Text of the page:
Various interesting and useful medical and financial information including where health care money goes, business awareness in medical training and changes in the IRS code.
When I was a kid, there was a nationally syndicated newspaper column that I loved, L.M. Boyd's "The Grab Bag." It had all sorts of trivia that I suppose helped lead me to a later championship (1988). On a more pertinent and practical note, I periodically submit my own version of interesting and useful medico-financial information. So let's get on the bus and begin the tour.
— A Dartmouth Medical School study showed that for every $1,000 spent on pharmaceutical advertising, 24 new prescriptions were written. Just one more example of the self-deception we doctors practice when we say that we are immune to such things.
— Computer algorithms account for two-thirds of the NYSE's trading. It obviously works for those footing the large bill for these things. But where does that put the individual investor? We need to be, firstly, aware and, secondly, somehow involved (mutual funds, index funds?), if only as a hedge.
— A recent study showed that 27% of our health care dollar goes to administrative costs, about $83,000 per doctor. In Britain the number is 10% and in Canada it is 3%. It makes you wonder, again.
— Another study showed that 80% of cellphone users overpay, by an average of about $200 per year. If it is worth it to you, just make one call to your carrier and ask for a better deal. You'll probably get one.
— The average age of filing for social security is 64. That's roughly a split between the get-in-earlies at 62 and the wait-for-full-draw at 67.
— In 2010, 54 medical schools offered a combined MD/MBA program. As I have often said some business/organizational awareness needs to be in every MD's training, not just as a separate program for the few who know ahead of time to be interested.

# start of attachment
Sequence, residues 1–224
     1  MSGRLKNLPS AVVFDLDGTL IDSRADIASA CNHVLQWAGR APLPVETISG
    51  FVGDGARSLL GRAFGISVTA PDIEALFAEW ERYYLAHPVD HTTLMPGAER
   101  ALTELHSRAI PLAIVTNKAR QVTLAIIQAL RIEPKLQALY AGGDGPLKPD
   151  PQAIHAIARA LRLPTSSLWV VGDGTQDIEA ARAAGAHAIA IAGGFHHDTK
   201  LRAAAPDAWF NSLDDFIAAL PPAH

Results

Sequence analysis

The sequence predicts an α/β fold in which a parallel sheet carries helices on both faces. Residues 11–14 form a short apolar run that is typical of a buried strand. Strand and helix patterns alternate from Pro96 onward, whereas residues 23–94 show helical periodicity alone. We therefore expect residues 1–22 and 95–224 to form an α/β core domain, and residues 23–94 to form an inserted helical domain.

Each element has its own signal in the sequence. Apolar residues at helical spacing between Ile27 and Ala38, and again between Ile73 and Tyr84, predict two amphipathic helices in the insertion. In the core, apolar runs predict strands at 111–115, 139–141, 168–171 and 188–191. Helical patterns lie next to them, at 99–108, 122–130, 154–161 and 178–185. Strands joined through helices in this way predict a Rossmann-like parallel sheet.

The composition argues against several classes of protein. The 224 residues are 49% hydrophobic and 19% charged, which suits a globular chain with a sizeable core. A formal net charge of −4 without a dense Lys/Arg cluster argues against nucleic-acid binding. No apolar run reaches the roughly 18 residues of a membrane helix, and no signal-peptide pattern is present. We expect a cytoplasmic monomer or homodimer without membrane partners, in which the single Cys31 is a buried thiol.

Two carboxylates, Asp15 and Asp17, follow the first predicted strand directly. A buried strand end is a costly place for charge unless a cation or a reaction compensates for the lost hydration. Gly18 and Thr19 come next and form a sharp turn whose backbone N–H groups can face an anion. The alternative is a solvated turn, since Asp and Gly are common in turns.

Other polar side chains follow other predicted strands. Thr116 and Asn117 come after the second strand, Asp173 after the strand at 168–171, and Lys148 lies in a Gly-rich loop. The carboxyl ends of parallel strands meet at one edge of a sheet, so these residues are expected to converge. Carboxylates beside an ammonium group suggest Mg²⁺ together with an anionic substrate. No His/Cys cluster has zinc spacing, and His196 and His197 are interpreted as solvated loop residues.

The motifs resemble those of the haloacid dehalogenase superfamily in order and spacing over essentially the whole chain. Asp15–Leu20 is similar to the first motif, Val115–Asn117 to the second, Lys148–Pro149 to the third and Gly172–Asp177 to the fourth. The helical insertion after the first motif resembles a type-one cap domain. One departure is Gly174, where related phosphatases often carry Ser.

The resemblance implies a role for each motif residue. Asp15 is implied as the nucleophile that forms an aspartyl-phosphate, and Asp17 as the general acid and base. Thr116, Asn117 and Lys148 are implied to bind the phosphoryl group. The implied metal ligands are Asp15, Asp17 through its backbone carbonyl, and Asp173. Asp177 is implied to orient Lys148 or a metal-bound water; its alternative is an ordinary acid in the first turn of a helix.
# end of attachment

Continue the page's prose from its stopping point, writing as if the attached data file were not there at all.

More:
— In the last 10 years, 4,428 changes have been made to the IRS code. I know that we haven't kept up. The question is, has your CPA?
— In this wacky election season, have you noticed that our political system has a bias to filter out the thoughtful and replace them with the faithful?
— It will really help your heirs if you put all of your passwords somewhere early and easy in your estate documents and a copy with your lawyer.
— Drug addiction treatment and education saves about $5 in welfare costs alone for each $1 spent on it, according to the Schaffer Library of Drug Policy. And each $1 spent on incarceration eventually generates $15 in welfare costs. That's aside from the $30,000 a year spent on jailing a drug person, and the $450,000 spent on convicting them. So treatment and prevention would seem to be a pretty good way to save a lot of money as well as helping the poor souls thus afflicted.
— What you spend is much more important to your financial status than what you accumulate. And Thomas Stanley in "The Millionaire Mind" shows that frugality pays. For instance, 70% of millionaires surveyed reported they have their shoes resoled rather than buy new ones, and 71% make a list before they go shopping.
— The shift to hospitalists over the last 20 years, originally pushed by the managed care insurance programs to save money, has had some interesting effects. One is that many primary care doctors are no longer in the hospital every day, isolating them in their offices and reducing the interactions among specialties that used to be a key communications bridge.
A second is that a study from the University of Texas showed that patients treated by hospitalists spend about half a day less in the hospital and were charged $282 less. Not as much as expected, but helpful. But when follow-up charges and unexpected extra ER visits were factored in, the charges for the patient's care was $332 higher on average. That works out to at least $1 billion in extra costs for Medicare alone.
— Remember that your investment opportunities are someone else's castoffs.
— “A nickel ain't worth a dime no more!" - Yogi Berra
— “Money talks but all it says is goodbye." - (many)
— “If you think no one cares and you are alone, try missing a few car payments." - (many)
— "Money is not the problem, you are. Money is just where the problem shows up." - (many)
— Ernest Hemingway on how people go bankrupt, or get rich: "Slowly, then all at once."
R.I.P. L.M. Boyd.